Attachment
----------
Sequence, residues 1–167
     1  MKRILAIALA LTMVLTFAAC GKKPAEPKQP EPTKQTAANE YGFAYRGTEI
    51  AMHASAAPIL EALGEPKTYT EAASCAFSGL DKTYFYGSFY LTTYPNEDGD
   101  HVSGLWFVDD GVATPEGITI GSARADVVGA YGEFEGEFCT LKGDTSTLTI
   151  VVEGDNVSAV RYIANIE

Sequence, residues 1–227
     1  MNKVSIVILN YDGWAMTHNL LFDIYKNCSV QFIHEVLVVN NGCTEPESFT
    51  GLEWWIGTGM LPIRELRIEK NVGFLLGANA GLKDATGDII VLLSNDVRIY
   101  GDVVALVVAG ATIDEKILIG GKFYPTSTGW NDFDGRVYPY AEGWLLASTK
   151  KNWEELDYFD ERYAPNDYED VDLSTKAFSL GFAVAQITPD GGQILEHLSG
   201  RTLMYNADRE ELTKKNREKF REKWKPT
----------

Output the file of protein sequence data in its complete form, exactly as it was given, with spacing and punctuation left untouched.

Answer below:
Sequence, residues 1–167
     1  MKRILAIALA LTMVLTFAAC GKKPAEPKQP EPTKQTAANE YGFAYRGTEI
    51  AMHASAAPIL EALGEPKTYT EAASCAFSGL DKTYFYGSFY LTTYPNEDGD
   101  HVSGLWFVDD GVATPEGITI GSARADVVGA YGEFEGEFCT LKGDTSTLTI
   151  VVEGDNVSAV RYIANIE

Sequence, residues 1–227
     1  MNKVSIVILN YDGWAMTHNL LFDIYKNCSV QFIHEVLVVN NGCTEPESFT
    51  GLEWWIGTGM LPIRELRIEK NVGFLLGANA GLKDATGDII VLLSNDVRIY
   101  GDVVALVVAG ATIDEKILIG GKFYPTSTGW NDFDGRVYPY AEGWLLASTK
   151  KNWEELDYFD ERYAPNDYED VDLSTKAFSL GFAVAQITPD GGQILEHLSG
   201  RTLMYNADRE ELTKKNREKF REKWKPT